Still Not Ready For Your CQC Visit? | QCS

Still Not Ready For Your CQC Visit?

December 18, 2015

feedbackWhat should we do first?

When the CQC calls to let you know they’ll be visiting in the next two weeks Practices are often filled with dread. There’s a mixed feeling of ‘they’re actually coming’ and ‘what do we do first?’ in order to prepare for the big day. Using the most of the two weeks notice is essential to being ready on the day. It’s crucial to use this time to ensure all practice policies are up to date, infection control audit documentation is in place, premises are clean and tidy and that all staff are prepared for what may be asked and expected from them on the day.

What documentation should be checked and ready?

The CQC will ask for some documentation in advance, as well as on the day so be sure to check the following:

  • Ensure the Statement of Purpose is up to date and readily available;
  • Check and update the practice leaflet;
  • Ensure the complaints procedure is readily available in the waiting room;
  • Display a zero tolerance notice;
  • Display a chaperone notice;
  • Check minutes of practice meetings are up to date;
  • Ensure the complaints register is up to date;
  • Ensure the significant events register is up to date.

Put your CQC ‘hat’ on

By thinking like a CQC inspector this will help you to look at things objectively in the practice. We become familiar and complacent and often don’t notice straight away that the noticeboards are looking untidy and some notices might be irrelevant or no longer current e.g. seasonal information. Cupboards and drawers have all sorts of things thrown in them and often need throwing away. Task departments to have a half day cleaning session to de-clutter and strip their offices and work spaces of irrelevant information. This will also enable the cleaners to be even more thorough in areas they probably couldn’t readily access before.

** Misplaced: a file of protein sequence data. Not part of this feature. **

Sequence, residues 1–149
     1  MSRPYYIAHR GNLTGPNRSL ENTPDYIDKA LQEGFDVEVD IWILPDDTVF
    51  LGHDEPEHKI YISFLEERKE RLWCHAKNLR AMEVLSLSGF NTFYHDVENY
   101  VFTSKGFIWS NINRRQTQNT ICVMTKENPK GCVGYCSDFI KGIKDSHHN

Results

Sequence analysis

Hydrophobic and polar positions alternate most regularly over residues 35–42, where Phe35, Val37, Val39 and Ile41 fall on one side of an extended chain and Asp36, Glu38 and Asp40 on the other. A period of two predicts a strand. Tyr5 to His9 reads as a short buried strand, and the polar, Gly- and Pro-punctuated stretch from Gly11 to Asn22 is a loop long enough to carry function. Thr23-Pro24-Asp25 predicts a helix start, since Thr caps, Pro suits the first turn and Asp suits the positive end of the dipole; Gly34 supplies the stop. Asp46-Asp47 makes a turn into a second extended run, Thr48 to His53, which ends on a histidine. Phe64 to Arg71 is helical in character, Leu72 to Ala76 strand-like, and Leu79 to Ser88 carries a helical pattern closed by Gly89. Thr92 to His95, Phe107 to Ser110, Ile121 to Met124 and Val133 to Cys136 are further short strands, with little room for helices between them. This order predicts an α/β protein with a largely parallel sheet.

Don’t be afraid to ask for help

Ask another practice who may have had their CQC inspection if they could pop over to review your practice with a fresh set of eyes, they may be able to identify things you hadn’t even thought of. Also, your CCG will have time to supply you with current data that you may need to evidence where you are performing well and meeting national and local targets for example prescribing, referrals, immunisation screening, etc. However, if you aren’t doing as well as expected it will give you time to review the data and prep something for discussion in the 30 minute presentation about how you aim to address any areas in which your practice may appear to be underperforming. Finally, don’t forget how valuable your PPG can be at this time. Invite one or two PPG members over to give a patient’s perspective of the building and services, you’ll have time to rectify any minor problems in time for the visit.

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Alison Lowerson

GP Specialist

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